One of the brighter things to come out of the global pandemic is an increased focus on education technology (edtech). With so many lockdowns and restrictions, children and adults were unable to attend classes and courses in person. Education providers were forced to pivot and develop alternate ways of offering their subjects and programs. This shift to online education and technology has allowed many of us to continue with otherwise-stalled learning paths, opening avenues for further learning and opportunities for growth.
One edtech company that has successfully navigated the last two years is General Assembly (GA). Joining us for this issue of the Marketing Expert Series is Sima Saadat, Head of Marketing at GA. An experienced marketer and passionate about edtech, in this interview, Sima shares her story and how she – and GA – grew together against the odds.
Hi, Sima, thank you for joining us in our Marketing Expert Series. Let’s kick off with a little background, can you tell us a bit about yourself? How did you get to where you are now?
I am originally from California. I started my career in HR as a New College Graduate Recruiter. Then I decided I wanted to shift into marketing and I took on a role at a startup doing Partner Marketing. I moved around from a few different startups and learned so much at each one of them.
Eventually, I joined an EdTech company called Teachers’ Curriculum Institute. It was there I found my passion for the edtech industry. I wore a lot of hats at TCI and got to experience different marketing tactics and strategies. When I moved to Singapore, I wanted to stay in EdTech and was excited when I learned about a Marketing Producer role at General Assembly.
I joined right before Covid, when a major of our local marketing strategy was around events and community building. Once Covid hit, we (and everyone else) had to shift tactics, providing me with an opportunity to help with a new strategy. I’ve grown my career at GA starting as a Marketing Producer, moving to a Partnerships Manager and now am the Head of Marketing for the APAC region.
You’re the Head of Marketing APAC at General Assembly. Please tell us about the work General Assembly is doing and your role there.
General Assembly is working to help professionals pursue careers they love. We do this by focusing on the most relevant and in-demand skills across data, design, business, and technology. GA confronts the global skills gap through award-winning, best-in-class instruction and innovative opportunities across diverse communities. GA works with students online and in-person across the globe and partners with top employers to help companies source, assess and transform talent.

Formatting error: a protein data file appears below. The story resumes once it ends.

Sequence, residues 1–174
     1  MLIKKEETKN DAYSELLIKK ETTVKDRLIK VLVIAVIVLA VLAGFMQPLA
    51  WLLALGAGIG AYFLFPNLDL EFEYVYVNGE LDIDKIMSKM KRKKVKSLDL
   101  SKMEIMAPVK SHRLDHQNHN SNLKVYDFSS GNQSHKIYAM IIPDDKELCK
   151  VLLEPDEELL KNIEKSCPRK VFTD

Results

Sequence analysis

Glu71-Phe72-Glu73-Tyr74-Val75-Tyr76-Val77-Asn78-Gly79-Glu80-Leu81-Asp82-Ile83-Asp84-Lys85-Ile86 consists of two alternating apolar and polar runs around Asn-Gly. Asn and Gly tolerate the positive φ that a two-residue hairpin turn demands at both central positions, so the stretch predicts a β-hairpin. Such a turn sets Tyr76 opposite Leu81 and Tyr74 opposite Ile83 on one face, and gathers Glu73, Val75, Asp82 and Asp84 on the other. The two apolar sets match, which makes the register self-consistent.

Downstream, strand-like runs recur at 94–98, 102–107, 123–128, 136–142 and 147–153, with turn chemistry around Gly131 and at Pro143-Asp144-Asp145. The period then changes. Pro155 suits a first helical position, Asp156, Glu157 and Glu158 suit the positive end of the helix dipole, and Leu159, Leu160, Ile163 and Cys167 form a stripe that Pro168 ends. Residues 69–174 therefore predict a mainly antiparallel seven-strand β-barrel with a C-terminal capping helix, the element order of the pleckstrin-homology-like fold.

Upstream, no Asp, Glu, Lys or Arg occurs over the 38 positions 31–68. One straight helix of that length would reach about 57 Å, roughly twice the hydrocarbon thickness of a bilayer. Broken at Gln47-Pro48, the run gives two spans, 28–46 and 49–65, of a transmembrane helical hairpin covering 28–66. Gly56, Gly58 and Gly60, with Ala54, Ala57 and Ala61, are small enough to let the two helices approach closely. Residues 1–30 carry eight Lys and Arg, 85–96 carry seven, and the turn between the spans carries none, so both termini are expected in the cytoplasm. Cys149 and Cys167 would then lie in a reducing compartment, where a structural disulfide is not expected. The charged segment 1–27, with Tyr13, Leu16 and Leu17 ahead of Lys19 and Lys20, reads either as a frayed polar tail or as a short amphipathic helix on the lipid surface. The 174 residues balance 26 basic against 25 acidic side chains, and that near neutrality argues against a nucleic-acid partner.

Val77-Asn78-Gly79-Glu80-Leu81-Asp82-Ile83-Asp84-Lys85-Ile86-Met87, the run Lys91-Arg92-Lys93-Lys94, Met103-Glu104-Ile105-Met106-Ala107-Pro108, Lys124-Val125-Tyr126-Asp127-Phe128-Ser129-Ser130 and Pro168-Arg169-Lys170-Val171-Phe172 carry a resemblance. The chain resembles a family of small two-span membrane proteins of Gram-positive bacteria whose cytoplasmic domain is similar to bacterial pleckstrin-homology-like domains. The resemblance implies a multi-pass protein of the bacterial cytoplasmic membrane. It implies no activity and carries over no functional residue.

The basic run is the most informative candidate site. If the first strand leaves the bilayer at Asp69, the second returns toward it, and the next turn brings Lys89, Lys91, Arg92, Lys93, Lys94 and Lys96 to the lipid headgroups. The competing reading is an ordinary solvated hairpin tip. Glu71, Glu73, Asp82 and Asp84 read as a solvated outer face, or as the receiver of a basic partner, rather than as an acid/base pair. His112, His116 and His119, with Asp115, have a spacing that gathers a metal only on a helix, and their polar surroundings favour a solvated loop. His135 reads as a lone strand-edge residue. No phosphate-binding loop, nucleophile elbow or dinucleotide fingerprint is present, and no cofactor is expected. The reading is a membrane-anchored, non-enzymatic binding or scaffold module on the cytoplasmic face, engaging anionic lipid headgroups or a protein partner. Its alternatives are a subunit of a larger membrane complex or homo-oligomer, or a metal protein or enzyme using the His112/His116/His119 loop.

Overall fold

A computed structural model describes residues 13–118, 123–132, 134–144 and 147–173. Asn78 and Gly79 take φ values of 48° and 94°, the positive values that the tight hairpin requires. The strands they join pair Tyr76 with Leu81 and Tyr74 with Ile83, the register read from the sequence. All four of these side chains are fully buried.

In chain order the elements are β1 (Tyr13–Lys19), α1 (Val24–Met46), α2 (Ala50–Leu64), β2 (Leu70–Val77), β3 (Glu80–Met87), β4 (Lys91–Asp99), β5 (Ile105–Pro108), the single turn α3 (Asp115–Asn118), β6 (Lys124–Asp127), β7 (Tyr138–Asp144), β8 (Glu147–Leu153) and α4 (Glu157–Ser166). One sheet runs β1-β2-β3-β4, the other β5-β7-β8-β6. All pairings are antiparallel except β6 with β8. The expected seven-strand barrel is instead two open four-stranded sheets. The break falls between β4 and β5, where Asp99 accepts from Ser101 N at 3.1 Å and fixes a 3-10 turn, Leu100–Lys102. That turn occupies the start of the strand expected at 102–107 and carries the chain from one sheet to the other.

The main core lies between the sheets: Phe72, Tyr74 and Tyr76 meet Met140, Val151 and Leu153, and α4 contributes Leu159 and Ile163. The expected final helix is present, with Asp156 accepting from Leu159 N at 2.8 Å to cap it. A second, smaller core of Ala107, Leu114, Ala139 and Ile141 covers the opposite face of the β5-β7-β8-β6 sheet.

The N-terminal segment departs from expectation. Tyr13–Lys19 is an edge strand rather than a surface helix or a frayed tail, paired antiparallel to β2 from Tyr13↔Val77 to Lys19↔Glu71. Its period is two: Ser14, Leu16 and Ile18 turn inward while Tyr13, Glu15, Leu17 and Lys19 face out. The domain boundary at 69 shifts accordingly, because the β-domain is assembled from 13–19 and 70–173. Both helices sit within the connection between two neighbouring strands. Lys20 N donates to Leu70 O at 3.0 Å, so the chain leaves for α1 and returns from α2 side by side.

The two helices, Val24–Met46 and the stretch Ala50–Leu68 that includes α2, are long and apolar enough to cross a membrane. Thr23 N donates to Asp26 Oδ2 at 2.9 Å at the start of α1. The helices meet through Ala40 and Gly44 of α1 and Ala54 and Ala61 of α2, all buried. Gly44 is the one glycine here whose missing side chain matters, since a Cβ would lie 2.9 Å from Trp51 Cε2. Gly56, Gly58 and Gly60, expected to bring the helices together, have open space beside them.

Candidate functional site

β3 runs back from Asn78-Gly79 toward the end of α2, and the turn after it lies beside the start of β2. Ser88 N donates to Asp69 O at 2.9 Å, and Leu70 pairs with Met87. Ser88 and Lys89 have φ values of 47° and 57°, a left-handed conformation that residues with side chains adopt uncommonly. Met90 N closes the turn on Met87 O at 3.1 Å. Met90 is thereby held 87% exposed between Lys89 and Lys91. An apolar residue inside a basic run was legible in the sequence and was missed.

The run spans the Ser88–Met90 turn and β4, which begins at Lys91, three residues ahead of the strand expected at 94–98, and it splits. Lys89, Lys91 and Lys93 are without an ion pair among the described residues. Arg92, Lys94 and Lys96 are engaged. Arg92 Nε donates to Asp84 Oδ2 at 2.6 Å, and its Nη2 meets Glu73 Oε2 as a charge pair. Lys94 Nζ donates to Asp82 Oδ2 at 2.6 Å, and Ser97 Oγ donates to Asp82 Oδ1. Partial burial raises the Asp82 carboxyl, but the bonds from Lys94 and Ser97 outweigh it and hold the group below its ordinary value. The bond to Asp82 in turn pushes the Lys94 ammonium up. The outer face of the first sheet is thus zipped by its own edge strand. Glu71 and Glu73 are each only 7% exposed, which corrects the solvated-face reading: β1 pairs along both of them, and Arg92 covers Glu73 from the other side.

My role specifically is focused on brand awareness and lead generation within the APAC region. I help get the word out there about GA and build a community.
Has General Assembly’s role changed since the onset of the global pandemic? For example, has there been a change in the courses people are choosing to take?
The reasons for students to join General Assembly (GA) have often revolved around wanting to transition their career into tech and to ensure their skills evolve with the job market demands. While the pandemic has not changed students’ reasons for joining GA, it has highlighted the need to pick up tech and digital skills that they could apply to their current work or next role. This is largely driven by the shifts in the market and companies accelerating their digital initiatives.
We didn’t see any specific changes in the course subjects people were choosing, However, we did see a transition in the modality of the courses. Previously, GA offered all-immersive programs as 10-12 week-long full-time courses in areas such as Data Science, Digital Marketing, Software Engineering, and User Experience Design. This requires individuals to leave their current jobs to take up the course full-time and transition to a new career.
One of the trends we noticed during the pandemic is that while people do want to transition to new careers, they are more hesitant to leave their current jobs – understandably! Last year, we began offering our immersive courses in a “Flex” format. They are the full curriculum, but run part-time over a longer 20 – 24 week period, allowing individuals to pick up new skills while remaining in their current jobs and then transition to a new role after they graduate.
How have these changes affected your own strategies as Head of Marketing? What challenges and/or developments have you had to adapt to since the start of 2020?
Like many companies, much of GA’s events were only in person. GA hosted a wide variety of in-person events to build our community, brand and educate the public. The events were a place to gather industry leaders to discuss trending topics within tech and beyond. However, when the pandemic hit, we had to quickly transition our entire event process to become virtual. The goal was to continue to provide quality content while building and fostering our community virtually.